photo credit: Amy Touchette
by Sonny Singh
(Editor’s Note: We received this submission from Sonny, a RaceWire contributor, just in time for Vaisakhi, which is being celebrated this year on April 14.)
My whole life Singh has been my middle name, often amounting to just a middle initial. The last name passed down by my father was always much more predominant and visible.
About a year ago, I started making an intentional effort to always use Singh in my name, followed by my last name. And now I have decided to drop my given family name all together.
A little history: On April 14, 1699, a day that’s today honored as one of the biggest Sikh holidays, Guru Gobind Singh (the tenth Sikh guru), along with thousands of other Sikhs, created the Khalsa, a collective body of armed revolutionaries, warrior-saints, whose mission it was to overthrow tyranny in all its forms. In addition to giving the Khalsa a uniform, including unshorn hair and the turban, Guru Gobind Singh gave us new names: Singh and Kaur — Lion and Lionness.
Because so many South Asian (and especially Hindu) last names indicate caste, Sikhs 400 years ago abandoned their last/caste names all together — deeply personalizing an ideological commitment to equality.
I am proud to be a Sikh. Sikhism at its core is a revolutionary faith and way of life. Some 550 years ago Guru Nanak, the founder of Sikhism, and his followers sought to end perhaps the most ancient form of oppression in South Asia — caste. Tearing down the caste system and other forms of tyranny is why free-thinkers like Guru Nanak Sahib and those around him (many of whom were lower caste Hindus) came together to forge something new. In short, it’s literally why Sikhism was born.
The creation of the Khalsa and Sikh identity as we know it on Vaisakhi 1699 was the culmination of what Guru Nanak and his followers started.
I’ve known this history for most of my life but never thought too much about why I, and so many other Sikhs around me, used Singh and Kaur as their middle names instead of their last names. And I certainly never suspected that my last name had anything to do with caste. But my bubble burst last year when I started organizing in the Sikh community in Queens and saw how caste is still so pervasive amongst Sikhs.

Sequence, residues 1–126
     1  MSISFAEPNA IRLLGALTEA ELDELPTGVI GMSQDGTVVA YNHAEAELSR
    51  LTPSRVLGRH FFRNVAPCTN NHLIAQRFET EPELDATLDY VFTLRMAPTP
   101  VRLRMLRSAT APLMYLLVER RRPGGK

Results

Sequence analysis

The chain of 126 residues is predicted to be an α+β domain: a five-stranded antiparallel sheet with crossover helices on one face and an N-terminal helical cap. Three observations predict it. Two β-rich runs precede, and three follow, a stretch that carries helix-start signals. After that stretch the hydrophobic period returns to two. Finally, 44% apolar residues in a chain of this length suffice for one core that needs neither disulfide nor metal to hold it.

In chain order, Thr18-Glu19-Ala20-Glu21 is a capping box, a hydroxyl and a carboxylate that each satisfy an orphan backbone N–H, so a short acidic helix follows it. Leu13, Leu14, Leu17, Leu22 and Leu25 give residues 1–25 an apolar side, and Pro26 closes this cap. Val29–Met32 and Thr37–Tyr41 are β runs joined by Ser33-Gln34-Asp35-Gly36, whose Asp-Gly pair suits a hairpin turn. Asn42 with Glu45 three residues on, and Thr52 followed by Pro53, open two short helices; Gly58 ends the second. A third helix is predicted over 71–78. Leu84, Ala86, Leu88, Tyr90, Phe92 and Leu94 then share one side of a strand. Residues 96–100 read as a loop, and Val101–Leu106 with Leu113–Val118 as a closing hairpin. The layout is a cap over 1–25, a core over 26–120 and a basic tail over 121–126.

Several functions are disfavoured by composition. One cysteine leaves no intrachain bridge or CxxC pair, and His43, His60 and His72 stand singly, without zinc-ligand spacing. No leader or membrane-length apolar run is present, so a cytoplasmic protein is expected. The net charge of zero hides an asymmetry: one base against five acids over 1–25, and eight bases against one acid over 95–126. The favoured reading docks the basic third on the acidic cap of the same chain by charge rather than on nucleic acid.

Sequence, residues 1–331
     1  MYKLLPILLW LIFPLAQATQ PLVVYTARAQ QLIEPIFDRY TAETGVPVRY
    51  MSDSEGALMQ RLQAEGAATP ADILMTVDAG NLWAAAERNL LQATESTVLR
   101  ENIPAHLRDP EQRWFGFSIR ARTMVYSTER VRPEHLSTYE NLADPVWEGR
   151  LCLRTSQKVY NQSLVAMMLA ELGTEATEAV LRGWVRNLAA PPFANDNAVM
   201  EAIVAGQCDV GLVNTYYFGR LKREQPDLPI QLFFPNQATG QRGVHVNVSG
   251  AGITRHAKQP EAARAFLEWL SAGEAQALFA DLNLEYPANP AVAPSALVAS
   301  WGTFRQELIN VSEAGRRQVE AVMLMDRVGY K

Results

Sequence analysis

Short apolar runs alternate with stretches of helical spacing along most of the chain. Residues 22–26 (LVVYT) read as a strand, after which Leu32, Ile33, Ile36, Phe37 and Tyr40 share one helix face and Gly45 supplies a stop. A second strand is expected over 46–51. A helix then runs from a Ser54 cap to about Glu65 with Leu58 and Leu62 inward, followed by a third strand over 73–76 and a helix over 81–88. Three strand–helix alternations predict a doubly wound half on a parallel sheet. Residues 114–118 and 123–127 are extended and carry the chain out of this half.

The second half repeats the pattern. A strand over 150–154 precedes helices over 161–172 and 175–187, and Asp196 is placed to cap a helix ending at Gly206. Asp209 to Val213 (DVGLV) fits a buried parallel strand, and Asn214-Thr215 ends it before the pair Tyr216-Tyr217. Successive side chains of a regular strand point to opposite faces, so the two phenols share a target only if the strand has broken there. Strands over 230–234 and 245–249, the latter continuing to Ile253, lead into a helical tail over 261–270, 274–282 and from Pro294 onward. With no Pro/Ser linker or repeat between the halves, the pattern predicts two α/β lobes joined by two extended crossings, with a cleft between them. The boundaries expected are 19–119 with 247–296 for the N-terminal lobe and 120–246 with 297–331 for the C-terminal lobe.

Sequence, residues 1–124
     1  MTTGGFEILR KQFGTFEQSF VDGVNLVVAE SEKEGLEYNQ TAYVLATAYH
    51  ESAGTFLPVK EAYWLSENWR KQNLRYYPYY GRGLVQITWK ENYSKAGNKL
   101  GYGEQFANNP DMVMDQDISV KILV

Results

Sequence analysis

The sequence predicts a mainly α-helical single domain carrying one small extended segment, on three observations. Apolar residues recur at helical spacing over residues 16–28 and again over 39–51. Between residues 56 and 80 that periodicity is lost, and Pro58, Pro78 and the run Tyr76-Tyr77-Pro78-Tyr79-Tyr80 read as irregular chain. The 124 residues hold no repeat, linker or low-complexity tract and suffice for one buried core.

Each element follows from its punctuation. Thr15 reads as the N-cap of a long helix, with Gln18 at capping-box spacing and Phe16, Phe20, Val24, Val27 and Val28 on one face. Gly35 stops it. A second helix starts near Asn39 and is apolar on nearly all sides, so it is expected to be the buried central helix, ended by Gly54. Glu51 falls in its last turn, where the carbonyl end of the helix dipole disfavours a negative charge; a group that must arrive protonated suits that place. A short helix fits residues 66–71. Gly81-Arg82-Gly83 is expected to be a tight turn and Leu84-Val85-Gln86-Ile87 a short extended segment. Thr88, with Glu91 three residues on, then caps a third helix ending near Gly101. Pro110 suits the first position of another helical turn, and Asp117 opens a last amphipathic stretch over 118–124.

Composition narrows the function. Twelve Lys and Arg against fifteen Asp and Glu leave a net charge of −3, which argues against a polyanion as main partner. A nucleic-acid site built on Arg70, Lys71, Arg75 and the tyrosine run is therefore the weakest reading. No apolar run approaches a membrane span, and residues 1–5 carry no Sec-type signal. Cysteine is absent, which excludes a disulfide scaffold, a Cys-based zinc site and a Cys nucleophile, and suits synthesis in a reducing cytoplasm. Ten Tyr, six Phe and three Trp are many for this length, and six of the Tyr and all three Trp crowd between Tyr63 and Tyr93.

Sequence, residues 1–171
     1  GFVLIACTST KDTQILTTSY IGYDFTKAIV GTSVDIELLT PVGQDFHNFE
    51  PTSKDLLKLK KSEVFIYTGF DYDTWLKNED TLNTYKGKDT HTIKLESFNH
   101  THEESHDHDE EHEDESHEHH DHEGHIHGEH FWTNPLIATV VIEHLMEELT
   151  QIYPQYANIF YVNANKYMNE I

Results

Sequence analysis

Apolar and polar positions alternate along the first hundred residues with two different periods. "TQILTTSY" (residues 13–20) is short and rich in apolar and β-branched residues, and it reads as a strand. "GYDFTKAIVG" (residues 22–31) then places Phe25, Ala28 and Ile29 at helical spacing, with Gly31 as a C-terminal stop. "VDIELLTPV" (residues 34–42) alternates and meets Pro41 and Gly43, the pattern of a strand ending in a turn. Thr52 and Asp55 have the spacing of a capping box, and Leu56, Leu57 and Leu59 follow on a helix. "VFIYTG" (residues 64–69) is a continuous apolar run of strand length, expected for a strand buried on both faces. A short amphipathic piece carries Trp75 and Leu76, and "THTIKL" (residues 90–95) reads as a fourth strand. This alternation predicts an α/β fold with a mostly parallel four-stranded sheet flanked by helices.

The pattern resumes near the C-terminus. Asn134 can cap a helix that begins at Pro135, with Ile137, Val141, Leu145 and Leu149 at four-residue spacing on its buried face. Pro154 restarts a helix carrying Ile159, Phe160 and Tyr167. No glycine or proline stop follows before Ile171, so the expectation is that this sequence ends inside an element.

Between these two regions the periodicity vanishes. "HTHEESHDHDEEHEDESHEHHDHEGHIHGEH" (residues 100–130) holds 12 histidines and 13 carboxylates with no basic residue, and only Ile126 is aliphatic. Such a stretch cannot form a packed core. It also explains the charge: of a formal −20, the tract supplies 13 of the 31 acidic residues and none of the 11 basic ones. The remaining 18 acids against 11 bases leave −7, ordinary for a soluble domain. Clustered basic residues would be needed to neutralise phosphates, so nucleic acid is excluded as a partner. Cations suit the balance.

For example, the gurdwaras in Richmond Hill, Queens, which has the largest concentration of Sikh in New York, are actually split up by caste. While caste boundaries are not strictly enforced in these in these spaces, caste ideology is one of the main forces that divides the leadership and leads to the creation of new gurdwaras. Similarly, when many Sikhs are looking to get married, whatever they may have learned about all people being equal goes out the window, as caste is often a major criteria in finding the “right” partner.
This is all totally in direct contradiction of why we exist as Sikhs in the first place.
I’ve been in a slow process of thinking about how this all relates to my own life, and yes, my own name. It turns out that the last name I have been using my whole life probably does have some caste roots, which I don’t care to hold onto. So I dropped my last name as a concrete way of getting rid of caste association at the personal level.
This Vaisakhi 2009, I’m taking a small step to abandon my roots. But in doing so, I am choosing to embrace much more meaningful roots that make me proud to be a Sikh and proud to be a revolutionary.
How do you know I’m for real? I’ve changed my name everywhere it counts: in my professional and public life, in my email addresses, even on Facebook.